“In a magalog, copy is king, and I’m just here to help get people to read it,” proclaims designer Lori Haller, proprietor of Shadow Oak Studio, Germantown, Md. “I’ll throw in some exciting things to tease them, drag them along, pull them to the next page and the next page. Until I’ve made them want to read the whole thing, so that on the last page, they can’t wait to sign up. It’s a whole progression—like a rocket.” So what are some of the techniques that fuel her designs? Color, size, leading, bursts and bolding, to name just a few. Here, Haller shares a
Where are the eight most likely places in a direct mail campaign for a typo to appear? According to Gayl Curtiss, managing director of The Hacker Group, a direct marketing agency in Bellevue, Wash., marketers should pay close attention to the following elements of their direct mail campaigns: 1. Phone numbers, both call and fax—it’s easy to transpose numbers. 2. The company’s name—anywhere it appears. 3. Signatory’s name—you often don’t have a proofing tool to verify the correct spelling. 4. Terms and conditions—proofers often don’t read them. 5. Address information—wherever it appears. 6. Headlines—they’re big and people blow right through them. 7. Letter set-up—vendors often retype perfect copy from laser mechanicals. 8.
This past November, former Minnesota Senator Eugene McCarthy died at the age of 89. It was McCarthy, a bookish, low-key intellectual, who, you’ll recall, startled the country and the world by announcing he would challenge the incumbent president, Lyndon B. Johnson, for the 1968 Democratic nomination. Johnson was mired in the Vietnam War with hundreds of body bags coming home every week. McCarthy made his announcement in the Senate Caucus Room in the Capitol. He said, “My decision to challenge the president’s position and the administration position has been strengthened by recent announcements of the administration, the evident intention to escalate and to intensify the
The new year is a good time to review your direct mail efforts and look for opportunities to get more from your investment. Whenever you're paying for postage, you want your mail piece to work as hard as possible to achieve your marketing goals. With that in mind, here are 15 suggestions to help you maximize your direct mail investment in 2006.
Highlights for Children was a 43-year-old magazine with a strong brand before marketing any other offerings to its core customers: parents of young children. In 1946, Dr. Garry Cleveland Myers and his wife Caroline Clark Myers founded Highlights for Children Inc. The privately-held company flourished with a single product—Highlights for Children® magazine—throughout four full decades before deciding it was time to grow its brand and its business. Today, Highlights for Children Inc. houses under its corporate umbrella several kids’ book club programs, a toy and game catalog, and an interactive Web site. “We are now much more than a single magazine for children.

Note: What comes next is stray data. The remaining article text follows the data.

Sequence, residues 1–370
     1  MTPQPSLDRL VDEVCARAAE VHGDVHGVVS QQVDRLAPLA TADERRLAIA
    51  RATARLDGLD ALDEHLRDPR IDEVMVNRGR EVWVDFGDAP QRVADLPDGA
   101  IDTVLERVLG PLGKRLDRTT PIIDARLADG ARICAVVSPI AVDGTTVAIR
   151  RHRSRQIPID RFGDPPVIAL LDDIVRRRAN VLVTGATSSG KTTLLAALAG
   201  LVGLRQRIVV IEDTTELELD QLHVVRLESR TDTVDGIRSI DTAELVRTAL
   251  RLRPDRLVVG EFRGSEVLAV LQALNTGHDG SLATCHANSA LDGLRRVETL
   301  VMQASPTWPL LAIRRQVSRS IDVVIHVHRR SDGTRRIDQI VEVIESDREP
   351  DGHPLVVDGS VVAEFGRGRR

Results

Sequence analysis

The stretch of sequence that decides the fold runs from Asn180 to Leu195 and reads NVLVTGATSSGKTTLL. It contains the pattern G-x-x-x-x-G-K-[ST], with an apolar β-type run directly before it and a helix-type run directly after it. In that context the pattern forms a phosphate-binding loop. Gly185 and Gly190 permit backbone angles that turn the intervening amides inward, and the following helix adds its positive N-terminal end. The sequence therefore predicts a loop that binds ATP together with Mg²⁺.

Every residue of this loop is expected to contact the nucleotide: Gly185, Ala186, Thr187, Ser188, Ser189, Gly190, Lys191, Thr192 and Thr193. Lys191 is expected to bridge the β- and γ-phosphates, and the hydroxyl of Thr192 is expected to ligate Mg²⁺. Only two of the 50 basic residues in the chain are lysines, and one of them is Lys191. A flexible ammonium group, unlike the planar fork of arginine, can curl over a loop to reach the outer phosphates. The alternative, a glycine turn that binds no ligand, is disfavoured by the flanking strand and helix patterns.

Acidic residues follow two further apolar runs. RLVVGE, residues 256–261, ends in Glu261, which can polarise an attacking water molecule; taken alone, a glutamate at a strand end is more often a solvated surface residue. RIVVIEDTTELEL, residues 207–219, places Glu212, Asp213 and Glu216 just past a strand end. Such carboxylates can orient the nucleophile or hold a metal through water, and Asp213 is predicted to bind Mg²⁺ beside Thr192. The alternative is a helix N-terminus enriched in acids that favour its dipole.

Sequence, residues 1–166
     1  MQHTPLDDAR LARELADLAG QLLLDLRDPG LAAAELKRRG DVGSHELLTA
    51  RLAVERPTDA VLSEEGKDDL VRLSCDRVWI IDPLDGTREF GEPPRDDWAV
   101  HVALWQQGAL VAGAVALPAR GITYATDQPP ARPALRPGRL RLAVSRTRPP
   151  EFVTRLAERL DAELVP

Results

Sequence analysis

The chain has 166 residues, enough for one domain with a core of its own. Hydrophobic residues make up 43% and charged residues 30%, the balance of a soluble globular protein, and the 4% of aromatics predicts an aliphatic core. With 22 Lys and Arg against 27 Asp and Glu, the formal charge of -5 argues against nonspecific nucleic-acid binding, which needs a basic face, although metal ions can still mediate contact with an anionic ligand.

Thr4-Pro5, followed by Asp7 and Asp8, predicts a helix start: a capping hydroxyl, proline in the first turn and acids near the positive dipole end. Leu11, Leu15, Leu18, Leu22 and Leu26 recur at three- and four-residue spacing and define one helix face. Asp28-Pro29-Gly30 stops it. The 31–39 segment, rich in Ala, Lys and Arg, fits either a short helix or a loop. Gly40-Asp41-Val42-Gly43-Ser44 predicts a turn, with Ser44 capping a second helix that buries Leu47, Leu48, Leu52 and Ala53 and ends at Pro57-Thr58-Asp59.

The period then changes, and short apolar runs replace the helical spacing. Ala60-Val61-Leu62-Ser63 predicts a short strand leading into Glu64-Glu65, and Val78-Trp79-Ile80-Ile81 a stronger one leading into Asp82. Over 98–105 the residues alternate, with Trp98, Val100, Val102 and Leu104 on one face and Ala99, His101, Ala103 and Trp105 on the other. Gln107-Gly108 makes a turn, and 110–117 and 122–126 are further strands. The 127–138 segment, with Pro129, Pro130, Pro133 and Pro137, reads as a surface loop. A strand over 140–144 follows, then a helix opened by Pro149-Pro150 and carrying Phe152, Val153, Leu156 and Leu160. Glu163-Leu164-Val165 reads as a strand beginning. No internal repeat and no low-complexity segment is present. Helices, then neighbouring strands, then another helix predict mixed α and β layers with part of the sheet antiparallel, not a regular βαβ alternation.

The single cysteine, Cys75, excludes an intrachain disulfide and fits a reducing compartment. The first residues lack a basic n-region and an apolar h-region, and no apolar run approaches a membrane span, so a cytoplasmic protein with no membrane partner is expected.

In the 1970s—before telemarketing, infomercials and spam—direct mail was the main response medium. And like every medium, direct mail had its stars—a charmed circle of brilliant copywriters whose names were synonymous with big results and big fees. Among them: Bill Jayme, Chris Stagg, Frank Johnson, Linda Wells, David Ogilvy, Maxwell Sackheim and Ed McLean. With the passing of Ed McLean on Aug. 13 at age 77 after a long illness, the last of the great stars has ceased to shine. McLean was a very special guy—short, funny as hell, with a small mustache and an impish smile. He was enormously supportive when my wife,
Postage can do more than just get your mail delivered. Your mailbox tells the story. Most direct mail bears ho-hum, routine-looking postage, whether it’s a stamp, metered postage or a preprinted indicia. Sure, it does its job. It gets the mail piece delivered. But if you’re the direct marketer paying for the postage, you also should consider how to make your postage investment work harder to: - make your mail piece stand out from the rest of the stack; - make it look important and valuable enough to get past the mail screener; and - get it opened and read, instead of
Have you ever received a piece of mail that prompted you to think, “Oops! I wonder what they were they thinking when they mailed me this?” My first tip for avoiding these direct mail blunders is to put yourself in the shoes of the person receiving your mail. Do this and you’re almost guaranteed to avoid the following problems. Timing Is Everything This past Nov. 24—the day before Thanksgiving—I received two different holiday gift catalogs already proclaiming, “It’s not too late—Christmas delivery guaranteed!” and, “There’s still time to order!” With Christmas more than a month away, the “It’s not too late” message is
... until it eliminates the human factor. This past year, Mason & Geller relocated to Florida. Why’d we come? Well, we have clients down here, and I’m closer to my 93-year-old mom. We also cut our office overhead by about 70 percent. Then there’s the weather, the beaches and the laid-back lifestyle. Except for hurricanes, it’s been great. We all miss New York, but we’d be crazy to go back. Why didn’t we make this move years ago? Simple. We didn’t have the low-cost technology—or the low-cost air travel—that lets us work in an out-of-the-way marina in Hollywood, Fla. Now, with clients all
If you can get people to spend more time reading your direct mail, you’re likely to generate more response One of the most eye-opening things I’ve learned during my 25-year career of writing direct mail copy is that people don’t read every word I write—even those who truly are interested in what I’m selling. And they certainly don’t read it from start to finish. Instead, most people scan copy, looking for reasons either to keep reading … or toss it. Even those who ultimately respond spend less than three or four minutes reading the copy it took you (or your writer) days or weeks